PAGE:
Skip to page content
Sale - new lines added
Home » News » Trust in appeal for gorge repair cash

Delivery Country and Currency Selector

Please select your delivery country from the drop down below.

Please select your currency from the drop down below.

Update site with selected country and currency

We now ship to United Kingdom from £0.00

If you are not visiting from United Kingdom please select
your country from the drop down below.

Continue To GO Outdoors


Trust in appeal for gorge repair cash

Posted 18 July 2012
Back to News

Trust in appeal for gorge repair cash
Bookmark and Share
The Steall Gorge in Glen Nevis is a place that leaves an impression on all who go walking there, but money is urgently needed to preserve its paths.

Set amid rugged scenery beneath the towering south flanks of Ben Nevis and overlooked by the peak of Sgurr a' Mhaim, the gorge consists of cascades of water burrowing their way between smoothed cliffs and boulders in a deep cleft, surrounded by woodland.

The waters can seldom be seen, but they are invariably heard as they roar thunderously through the gorge.

Walkers who continue to the top of the woods are then treated to a sudden change of scenery as they reach an elevated meadow, where the Waters of Nevis take on the appearance of a benign, shallow, slow-moving river, crossed by the wiry Steall Bridge.

Even here there are spectacular sights to behold, with the white cascade of An Steall Ban plunging down from An Gearanach, the second highest waterfall in Britain.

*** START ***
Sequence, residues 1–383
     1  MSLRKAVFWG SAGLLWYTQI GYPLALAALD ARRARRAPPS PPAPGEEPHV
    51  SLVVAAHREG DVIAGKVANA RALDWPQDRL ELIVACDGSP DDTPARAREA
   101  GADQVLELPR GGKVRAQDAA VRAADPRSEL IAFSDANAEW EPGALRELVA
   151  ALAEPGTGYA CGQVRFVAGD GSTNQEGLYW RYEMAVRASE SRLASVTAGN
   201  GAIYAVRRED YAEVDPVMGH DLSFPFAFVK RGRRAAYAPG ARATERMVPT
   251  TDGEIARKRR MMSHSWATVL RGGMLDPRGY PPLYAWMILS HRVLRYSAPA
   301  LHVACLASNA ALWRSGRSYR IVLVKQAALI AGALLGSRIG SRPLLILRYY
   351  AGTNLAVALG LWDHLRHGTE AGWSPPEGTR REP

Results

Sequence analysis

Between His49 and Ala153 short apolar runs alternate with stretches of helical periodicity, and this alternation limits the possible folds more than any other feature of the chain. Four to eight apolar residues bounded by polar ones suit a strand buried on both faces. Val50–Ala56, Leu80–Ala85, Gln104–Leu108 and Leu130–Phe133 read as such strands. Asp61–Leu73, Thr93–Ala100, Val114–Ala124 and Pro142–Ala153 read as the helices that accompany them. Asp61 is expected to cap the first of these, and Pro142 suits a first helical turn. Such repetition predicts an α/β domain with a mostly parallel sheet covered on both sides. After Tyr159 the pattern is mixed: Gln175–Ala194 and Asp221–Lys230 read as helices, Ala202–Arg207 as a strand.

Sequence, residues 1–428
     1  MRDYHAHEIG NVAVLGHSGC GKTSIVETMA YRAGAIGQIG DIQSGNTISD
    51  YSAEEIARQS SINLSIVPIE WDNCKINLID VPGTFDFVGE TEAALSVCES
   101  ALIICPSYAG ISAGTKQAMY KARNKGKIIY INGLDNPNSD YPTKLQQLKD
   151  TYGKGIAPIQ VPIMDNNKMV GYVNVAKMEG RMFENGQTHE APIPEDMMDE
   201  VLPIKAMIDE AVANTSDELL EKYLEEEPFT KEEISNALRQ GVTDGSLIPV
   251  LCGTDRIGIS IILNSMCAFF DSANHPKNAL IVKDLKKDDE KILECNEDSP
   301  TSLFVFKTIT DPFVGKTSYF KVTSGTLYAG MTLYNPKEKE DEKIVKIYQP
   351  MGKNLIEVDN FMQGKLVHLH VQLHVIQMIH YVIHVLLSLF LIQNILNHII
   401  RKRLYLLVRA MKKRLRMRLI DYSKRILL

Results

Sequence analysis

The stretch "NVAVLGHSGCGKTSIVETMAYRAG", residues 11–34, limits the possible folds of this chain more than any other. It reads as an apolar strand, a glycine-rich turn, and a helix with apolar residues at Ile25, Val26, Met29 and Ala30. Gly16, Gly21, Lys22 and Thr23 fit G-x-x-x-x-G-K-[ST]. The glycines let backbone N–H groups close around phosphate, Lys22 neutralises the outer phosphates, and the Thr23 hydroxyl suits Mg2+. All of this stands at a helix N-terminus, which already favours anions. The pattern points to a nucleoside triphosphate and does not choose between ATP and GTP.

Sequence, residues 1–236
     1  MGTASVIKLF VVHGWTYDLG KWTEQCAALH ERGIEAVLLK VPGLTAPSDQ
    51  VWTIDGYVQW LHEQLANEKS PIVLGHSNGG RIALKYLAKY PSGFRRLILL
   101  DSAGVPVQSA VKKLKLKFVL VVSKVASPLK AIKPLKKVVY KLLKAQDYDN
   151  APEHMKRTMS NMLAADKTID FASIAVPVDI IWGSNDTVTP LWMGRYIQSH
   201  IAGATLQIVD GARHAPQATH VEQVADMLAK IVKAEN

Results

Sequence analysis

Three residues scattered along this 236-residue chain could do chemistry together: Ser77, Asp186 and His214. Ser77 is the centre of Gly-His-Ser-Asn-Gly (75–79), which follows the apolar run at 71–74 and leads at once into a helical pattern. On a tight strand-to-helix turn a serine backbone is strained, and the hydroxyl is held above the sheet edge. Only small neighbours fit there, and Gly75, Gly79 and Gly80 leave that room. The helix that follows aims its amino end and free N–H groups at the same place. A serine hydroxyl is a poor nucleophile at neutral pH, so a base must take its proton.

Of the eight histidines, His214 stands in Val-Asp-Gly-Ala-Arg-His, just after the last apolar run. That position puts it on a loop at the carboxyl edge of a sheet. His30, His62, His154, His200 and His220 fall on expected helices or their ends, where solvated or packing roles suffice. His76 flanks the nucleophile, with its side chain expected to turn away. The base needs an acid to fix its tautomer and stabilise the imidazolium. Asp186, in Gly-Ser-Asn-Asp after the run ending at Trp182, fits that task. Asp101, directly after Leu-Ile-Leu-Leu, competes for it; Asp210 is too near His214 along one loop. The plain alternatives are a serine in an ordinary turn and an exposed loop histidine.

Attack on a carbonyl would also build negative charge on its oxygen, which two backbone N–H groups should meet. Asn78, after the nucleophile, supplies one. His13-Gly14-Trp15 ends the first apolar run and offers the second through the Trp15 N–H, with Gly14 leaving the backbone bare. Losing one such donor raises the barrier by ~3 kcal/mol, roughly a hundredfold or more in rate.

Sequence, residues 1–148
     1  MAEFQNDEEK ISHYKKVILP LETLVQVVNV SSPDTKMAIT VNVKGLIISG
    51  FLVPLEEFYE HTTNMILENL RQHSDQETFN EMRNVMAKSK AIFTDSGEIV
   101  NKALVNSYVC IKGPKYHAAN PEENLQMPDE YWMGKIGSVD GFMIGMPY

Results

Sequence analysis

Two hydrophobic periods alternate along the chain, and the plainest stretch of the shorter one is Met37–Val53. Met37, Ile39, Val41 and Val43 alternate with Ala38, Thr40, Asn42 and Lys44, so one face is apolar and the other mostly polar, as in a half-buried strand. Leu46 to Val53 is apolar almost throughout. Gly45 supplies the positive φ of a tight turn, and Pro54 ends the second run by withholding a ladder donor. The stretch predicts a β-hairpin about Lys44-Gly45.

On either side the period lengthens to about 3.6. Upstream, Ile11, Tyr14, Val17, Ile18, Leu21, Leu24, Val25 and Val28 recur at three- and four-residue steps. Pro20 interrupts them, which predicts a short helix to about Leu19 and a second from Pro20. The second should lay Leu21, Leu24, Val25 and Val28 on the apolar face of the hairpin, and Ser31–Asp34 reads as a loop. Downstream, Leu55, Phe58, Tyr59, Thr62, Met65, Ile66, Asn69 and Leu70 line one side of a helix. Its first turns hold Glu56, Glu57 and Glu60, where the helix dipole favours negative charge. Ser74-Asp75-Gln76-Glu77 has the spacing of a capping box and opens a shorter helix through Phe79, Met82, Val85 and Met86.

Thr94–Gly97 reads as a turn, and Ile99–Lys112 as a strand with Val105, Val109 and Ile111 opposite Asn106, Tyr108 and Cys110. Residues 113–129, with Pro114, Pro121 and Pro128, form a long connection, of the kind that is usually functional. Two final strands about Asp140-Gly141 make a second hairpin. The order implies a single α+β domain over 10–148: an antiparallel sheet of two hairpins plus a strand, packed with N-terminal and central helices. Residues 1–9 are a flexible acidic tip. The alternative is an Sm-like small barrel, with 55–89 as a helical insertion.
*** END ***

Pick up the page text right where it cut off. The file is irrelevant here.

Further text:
Small wonder, therefore, that it is popular. But there is a price to be paid in human erosion and landowner the John Muir Trust (JMT) has appealed for £60,000 to carry out urgent repairs to the paths.

It said: "The path is popular with tens of thousands of visitors every year and its dramatic and rugged mountain location leaves it exposed to all weathers.

"Sections of the path are under serious threat of erosion, with some areas in danger of crumbling away completely."

Many will be aware that earlier this year the JMT won £25,000 towards the project from the European Outdoor Conservation Association after a Europe-wide online public vote, but the Trust stated at the time it would be launching an appeal in due course for more money.

As well as the aesthetic qualities of Steall itself, the path helps drivers parking at the end of the Glen Nevis road to access the Munros at the eastern end of the Mamores range,such as An Gearanach, Stob Coire a' Chairn, Na Grugaichean, Sgurr Eilde Mor, Binnein Mor and Binnein Beag.

There is also a route from the ruins of Steall up Aonach Beag, the second highest mountain in Lochaber after Ben Nevis itself. This can be climbed along with Aonach Mor, with the other end of the ridge being somewhat busier with its ski lifts, cable car and world championship mountain bike course.  ADNFCR-2803-ID-801409756-ADNFCR